ALERT: US Real Estate Crash Imminent as Matthew threatens Miami Luxury Market

globalintelhub's picture

It isn't often such a clear market signal is painted such as the impending real estate market collapse.  It doesn't take sophistocated algorithms or an MBA from Harvard to add up the math and the data and see that we're on the precipice of a historic real estate asset cliff; and that the market is waiting for an 'event' to tip it over.  That event, it can be Hurricane Matthew.  That means this can all unfold THIS WEEK.  For those of us who have been following this trend for a long time (like, more than 10 years) this isn't news, it's just the obvious result of bad planning and decades of building a foundation on the wrong things (this is an educational metaphor - Real Estate Investors built their knowledge on the wrong ideals, the false axioms, and thus - invested in the wrong markets, on markets build on soft, unstable foundations...).

As we explain in Splitting Pennies - Understanding Forex; the entire world's economy, both micro and macro, can be explained through the prism of monetary policy.  Or in other words, if you master FOREX, you can master any market, because all markets are denominated in Forex.  Or in yet other words, markets are only able to function as a derivative of money markets - which Forex is.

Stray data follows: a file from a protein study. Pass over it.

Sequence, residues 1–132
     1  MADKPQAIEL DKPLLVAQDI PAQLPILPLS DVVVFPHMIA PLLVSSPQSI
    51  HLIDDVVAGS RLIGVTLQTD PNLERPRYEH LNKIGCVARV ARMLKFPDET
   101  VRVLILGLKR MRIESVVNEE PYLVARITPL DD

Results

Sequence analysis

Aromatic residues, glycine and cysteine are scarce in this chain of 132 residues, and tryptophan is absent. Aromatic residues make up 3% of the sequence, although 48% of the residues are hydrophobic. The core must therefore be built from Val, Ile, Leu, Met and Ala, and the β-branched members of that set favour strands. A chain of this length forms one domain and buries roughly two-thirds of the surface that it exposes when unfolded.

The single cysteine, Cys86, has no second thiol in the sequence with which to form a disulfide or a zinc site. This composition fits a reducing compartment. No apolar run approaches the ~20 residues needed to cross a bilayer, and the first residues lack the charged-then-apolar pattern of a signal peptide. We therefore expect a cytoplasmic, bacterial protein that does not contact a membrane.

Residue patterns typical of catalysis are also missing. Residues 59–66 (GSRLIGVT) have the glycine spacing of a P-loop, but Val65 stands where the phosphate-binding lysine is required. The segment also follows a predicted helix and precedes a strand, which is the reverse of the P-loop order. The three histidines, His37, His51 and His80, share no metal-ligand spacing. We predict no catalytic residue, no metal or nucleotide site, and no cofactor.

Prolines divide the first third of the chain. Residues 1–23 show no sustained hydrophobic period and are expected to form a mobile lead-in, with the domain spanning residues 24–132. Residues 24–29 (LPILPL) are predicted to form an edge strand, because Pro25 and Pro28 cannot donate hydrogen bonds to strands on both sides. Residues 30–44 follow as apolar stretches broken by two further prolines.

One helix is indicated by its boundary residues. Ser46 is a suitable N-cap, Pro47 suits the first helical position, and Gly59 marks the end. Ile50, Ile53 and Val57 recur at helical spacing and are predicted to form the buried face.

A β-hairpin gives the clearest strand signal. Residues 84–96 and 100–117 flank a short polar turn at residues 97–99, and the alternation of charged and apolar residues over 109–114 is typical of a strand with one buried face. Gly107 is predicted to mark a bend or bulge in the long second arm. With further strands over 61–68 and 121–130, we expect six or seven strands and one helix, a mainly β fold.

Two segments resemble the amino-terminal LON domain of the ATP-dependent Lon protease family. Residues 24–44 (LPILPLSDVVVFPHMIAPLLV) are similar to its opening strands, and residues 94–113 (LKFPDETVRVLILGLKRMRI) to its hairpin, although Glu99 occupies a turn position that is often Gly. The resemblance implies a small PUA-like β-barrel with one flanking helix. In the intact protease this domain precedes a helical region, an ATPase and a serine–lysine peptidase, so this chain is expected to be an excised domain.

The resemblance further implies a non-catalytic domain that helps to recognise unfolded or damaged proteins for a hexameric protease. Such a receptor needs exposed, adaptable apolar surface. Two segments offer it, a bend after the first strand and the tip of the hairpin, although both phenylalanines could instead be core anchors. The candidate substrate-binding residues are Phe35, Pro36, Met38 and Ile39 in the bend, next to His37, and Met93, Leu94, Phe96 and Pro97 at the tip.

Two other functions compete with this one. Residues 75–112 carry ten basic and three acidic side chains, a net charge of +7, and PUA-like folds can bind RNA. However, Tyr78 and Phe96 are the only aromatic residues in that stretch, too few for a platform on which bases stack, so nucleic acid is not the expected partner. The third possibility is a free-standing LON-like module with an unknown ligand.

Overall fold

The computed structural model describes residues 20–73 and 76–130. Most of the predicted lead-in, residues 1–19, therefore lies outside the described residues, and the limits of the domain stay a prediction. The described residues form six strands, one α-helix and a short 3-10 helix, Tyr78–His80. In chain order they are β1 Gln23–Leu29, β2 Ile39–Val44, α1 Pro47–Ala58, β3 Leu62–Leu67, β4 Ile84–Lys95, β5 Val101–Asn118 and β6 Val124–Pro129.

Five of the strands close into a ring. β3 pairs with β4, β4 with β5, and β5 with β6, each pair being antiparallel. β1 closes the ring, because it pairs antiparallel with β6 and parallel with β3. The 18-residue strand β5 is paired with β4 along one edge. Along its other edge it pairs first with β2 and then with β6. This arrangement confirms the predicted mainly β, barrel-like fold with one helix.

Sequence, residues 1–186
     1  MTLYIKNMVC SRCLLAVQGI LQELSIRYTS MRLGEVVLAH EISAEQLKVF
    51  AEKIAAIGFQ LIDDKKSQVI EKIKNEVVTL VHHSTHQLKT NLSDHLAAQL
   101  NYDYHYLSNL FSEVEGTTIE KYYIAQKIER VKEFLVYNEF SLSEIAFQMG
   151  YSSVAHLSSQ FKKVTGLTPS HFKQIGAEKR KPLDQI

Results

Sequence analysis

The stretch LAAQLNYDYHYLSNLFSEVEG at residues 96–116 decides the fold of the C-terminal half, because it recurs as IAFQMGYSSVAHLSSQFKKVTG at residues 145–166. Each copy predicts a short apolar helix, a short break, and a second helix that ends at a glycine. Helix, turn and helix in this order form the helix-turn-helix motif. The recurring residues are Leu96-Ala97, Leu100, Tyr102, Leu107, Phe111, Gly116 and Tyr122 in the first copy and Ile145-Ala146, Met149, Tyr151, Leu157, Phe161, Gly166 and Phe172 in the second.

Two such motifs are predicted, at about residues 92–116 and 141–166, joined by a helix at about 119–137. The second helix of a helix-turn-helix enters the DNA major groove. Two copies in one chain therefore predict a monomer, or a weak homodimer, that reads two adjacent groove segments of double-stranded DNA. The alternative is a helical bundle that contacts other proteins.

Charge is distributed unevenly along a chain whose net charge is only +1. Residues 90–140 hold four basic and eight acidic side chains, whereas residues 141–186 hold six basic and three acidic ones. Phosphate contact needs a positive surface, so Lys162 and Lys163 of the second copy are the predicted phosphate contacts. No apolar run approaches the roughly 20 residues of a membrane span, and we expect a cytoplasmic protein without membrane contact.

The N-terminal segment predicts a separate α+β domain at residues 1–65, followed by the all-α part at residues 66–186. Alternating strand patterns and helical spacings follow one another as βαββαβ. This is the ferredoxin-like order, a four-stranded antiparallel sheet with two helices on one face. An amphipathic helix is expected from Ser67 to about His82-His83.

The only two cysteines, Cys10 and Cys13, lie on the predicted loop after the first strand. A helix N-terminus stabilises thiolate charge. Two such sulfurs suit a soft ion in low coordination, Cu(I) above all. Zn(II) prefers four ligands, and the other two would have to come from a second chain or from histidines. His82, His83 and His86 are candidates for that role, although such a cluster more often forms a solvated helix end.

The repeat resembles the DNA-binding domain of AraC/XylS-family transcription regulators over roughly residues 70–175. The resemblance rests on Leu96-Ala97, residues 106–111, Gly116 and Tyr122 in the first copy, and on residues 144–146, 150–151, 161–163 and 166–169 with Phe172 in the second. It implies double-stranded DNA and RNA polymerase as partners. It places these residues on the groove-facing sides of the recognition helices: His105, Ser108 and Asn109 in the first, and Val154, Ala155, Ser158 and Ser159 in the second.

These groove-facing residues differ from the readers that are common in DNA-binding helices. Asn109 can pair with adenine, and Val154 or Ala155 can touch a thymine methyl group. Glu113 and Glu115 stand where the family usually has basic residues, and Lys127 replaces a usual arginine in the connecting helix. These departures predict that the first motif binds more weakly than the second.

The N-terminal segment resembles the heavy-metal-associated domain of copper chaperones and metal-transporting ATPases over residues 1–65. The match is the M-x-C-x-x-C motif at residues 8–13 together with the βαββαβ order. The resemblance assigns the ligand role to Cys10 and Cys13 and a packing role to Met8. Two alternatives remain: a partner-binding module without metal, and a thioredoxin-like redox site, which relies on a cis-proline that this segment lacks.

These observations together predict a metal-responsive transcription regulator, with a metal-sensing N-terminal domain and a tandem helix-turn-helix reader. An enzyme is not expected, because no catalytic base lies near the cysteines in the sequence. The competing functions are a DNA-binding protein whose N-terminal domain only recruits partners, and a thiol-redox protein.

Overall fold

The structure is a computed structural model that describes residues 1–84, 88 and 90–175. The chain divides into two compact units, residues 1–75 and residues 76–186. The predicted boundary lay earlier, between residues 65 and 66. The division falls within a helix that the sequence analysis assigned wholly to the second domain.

Bubbles have persisted for years, but this last bubble that caused the 2008 crisis was based on real estate.  For a long time, US real estate prices always went up; until they didn't.  So what changed in 2008?  Enter Quantitative Easing, a program designed by the Fed to create 'liquidity' in the market that was otherwise illiquid.  Starting out buying 'toxic' assets no one wanted, now the Fed has a diversified portfolio of many assets, much of which is real estate.  This is not the only thing propping up the real estate market.  Also, the Fed has given banks and hedge funds HUGE access to cheap capital, or free capital, in large quantities.  Let's take the world's largest, as the best example; Blackstone, with $100 Billion + to invest in real estate: